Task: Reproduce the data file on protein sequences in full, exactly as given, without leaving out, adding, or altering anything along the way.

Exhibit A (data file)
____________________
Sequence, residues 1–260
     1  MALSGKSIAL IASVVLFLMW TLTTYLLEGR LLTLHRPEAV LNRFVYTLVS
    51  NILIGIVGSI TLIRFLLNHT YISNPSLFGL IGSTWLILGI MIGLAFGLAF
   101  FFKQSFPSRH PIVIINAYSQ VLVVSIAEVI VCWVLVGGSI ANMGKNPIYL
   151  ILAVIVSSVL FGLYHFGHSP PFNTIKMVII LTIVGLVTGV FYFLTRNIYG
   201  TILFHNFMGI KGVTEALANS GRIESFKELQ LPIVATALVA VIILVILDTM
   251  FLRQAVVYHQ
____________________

Sequence, residues 1–260
     1  MALSGKSIAL IASVVLFLMW TLTTYLLEGR LLTLHRPEAV LNRFVYTLVS
    51  NILIGIVGSI TLIRFLLNHT YISNPSLFGL IGSTWLILGI MIGLAFGLAF
   101  FFKQSFPSRH PIVIINAYSQ VLVVSIAEVI VCWVLVGGSI ANMGKNPIYL
   151  ILAVIVSSVL FGLYHFGHSP PFNTIKMVII LTIVGLVTGV FYFLTRNIYG
   201  TILFHNFMGI KGVTEALANS GRIESFKELQ LPIVATALVA VIILVILDTM
   251  FLRQAVVYHQ